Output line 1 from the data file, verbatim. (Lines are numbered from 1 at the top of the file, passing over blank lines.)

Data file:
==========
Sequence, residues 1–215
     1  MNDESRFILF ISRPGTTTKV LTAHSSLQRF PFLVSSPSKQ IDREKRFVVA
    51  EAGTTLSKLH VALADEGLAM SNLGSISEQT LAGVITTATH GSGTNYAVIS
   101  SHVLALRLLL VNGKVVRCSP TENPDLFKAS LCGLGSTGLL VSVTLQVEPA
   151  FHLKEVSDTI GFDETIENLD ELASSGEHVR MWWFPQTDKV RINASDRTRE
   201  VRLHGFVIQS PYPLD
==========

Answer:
Sequence, residues 1–215